Joel: Obviously an opportunity for the Snapchats, the Twitters and the other fringe players, but the bulk of the market is there. It is worth noting that I think all of the companies are still active on these, like Instagram, for example, I know Patagonia is still posting pictures and whatnot on Instagram. So they're not abandoning the platforms, which would really be a statement for them. And it is only through July. It's not like we're done forever. But it is a nice statement. I think ultimately, in terms of Zuck, they're not going to lose users because REI is not advertising, they're not going to lose probably that much advertising dollars because a huge bulk of the dollars come from smaller businesses than the bigger ones. But I think one angle that people aren't talking about very much, is the current employees and how they're impacted by this, right?
Joel: They're going to work in Patagonia, and REI, and all these cool brands, right?
Joel: And then when they get wind like, "Oh, this cool brand that I love and stands for something is saying, who you work for is bad." I have to look in the mirror and say, "What am I doing working at this company, that's pissing off all these people?" So I think there's a real, probably what Zuck is most worried about is the talent potentially and how they feel about it, morale at the company, maybe people exiting to work at companies that stand for something. I think that's an angle that doesn't get much attention, but probably should, and probably will get more if more companies jump on board, this trend.
Chad: Well, and I think the companies that are boycotting are sending a message to their employees. So we actually saw Tom Herbst, who was the North Face CMO at the time speak in Banff at the gathering of cult brands. And his message was simply, be more fucking human. I mean, that was his message. We have to be more fucking human, not just to the people that buy our stuff, the people that we work with on a daily basis, the people that we engage as a brand and in this case, that's really what they're saying, "We don't like what you're doing," and I know that from our culture, the North Face culture, Padagonia culture, REI, et cetera. Especially Ben and Jerry's, God. This is a message, not just to Facebook, but also to their employees. We don't stand for this shit.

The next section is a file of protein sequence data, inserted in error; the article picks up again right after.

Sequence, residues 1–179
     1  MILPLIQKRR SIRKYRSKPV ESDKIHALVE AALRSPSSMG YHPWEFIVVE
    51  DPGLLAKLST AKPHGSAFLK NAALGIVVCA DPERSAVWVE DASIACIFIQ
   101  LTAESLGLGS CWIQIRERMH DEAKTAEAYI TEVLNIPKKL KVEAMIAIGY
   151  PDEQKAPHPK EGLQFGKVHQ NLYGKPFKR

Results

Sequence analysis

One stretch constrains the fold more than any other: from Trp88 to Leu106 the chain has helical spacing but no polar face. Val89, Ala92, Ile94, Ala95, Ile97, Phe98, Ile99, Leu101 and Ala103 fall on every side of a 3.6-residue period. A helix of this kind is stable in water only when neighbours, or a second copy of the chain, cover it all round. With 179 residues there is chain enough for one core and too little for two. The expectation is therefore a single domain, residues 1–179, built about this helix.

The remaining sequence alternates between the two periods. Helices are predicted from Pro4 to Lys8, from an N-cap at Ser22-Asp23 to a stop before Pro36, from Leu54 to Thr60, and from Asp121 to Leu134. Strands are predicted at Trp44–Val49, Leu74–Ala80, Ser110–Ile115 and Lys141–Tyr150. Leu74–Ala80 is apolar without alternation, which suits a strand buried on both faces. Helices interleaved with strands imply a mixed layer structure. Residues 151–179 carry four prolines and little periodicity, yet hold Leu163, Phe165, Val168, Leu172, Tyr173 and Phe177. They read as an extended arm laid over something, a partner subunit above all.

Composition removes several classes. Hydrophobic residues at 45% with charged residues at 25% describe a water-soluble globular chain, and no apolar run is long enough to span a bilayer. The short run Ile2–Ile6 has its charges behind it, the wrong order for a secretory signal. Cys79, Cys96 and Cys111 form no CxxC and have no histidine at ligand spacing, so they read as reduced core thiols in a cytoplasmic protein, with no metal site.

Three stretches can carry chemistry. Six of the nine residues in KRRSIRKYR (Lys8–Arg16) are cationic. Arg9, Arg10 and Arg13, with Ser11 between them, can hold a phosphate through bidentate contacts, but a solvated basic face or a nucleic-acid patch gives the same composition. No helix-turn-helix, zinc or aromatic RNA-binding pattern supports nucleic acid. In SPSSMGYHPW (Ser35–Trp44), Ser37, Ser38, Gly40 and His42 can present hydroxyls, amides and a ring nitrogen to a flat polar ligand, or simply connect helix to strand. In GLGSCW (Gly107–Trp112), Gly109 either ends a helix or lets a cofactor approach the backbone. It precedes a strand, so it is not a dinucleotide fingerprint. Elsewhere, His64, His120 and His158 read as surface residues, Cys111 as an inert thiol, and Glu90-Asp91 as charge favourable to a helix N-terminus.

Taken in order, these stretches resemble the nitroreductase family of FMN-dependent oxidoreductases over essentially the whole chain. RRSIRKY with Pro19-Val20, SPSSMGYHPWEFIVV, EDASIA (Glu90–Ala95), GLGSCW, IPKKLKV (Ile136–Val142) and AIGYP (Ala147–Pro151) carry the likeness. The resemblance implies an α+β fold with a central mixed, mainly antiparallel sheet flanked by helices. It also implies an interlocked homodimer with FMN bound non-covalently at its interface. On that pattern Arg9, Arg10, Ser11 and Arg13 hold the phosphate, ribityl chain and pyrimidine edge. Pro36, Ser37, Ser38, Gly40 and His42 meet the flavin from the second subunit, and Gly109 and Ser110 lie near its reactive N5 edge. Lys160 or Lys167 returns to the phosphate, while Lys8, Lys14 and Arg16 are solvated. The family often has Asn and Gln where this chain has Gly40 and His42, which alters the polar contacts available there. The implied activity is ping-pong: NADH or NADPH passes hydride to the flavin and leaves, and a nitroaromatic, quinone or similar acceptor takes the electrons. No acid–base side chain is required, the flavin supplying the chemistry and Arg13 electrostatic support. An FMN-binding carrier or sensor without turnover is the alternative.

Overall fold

Joel: Sure. And we talk about voting with your wallet, voting with actual voting, the employee vote in terms of walking out or being really pissed off, is more and more meaning something. So it'll be interesting to see what happens, but so the Trump ads that were rejected, for interesting reasons, sort of using subliminal, Nazi, anti-Jew insignia, Nazi insignia. That was kind of crazy. So those ads were rejected. Thoughts on that, I mean, I think that, to me it looks like a little bit of a tit for tat thing where Facebook policed Trump's commentary. And then he came back and said, "Okay, we're going to investigate you guys and make your life harder." And then this is like another blow. So this feels like a little bit of an internal war between social media and Trump, but the fact that Trump and their advertising is sort of subliminally trying to provoke Nazi nostalgia, is really scary. I don't have anything else to say about that, but it's fucked up.
Chad: This is a time COVID, the economy, obviously George Floyd, Black Lives Matter. This is the opportunity for us to actually start to come together and a leader would understand that. That's definitely not what we have in this administration.
Joel: Yeah. To think that it's calculated strategy, to sort of have this dog whistle, a rallying cry for your idiot supporters and racist supporters.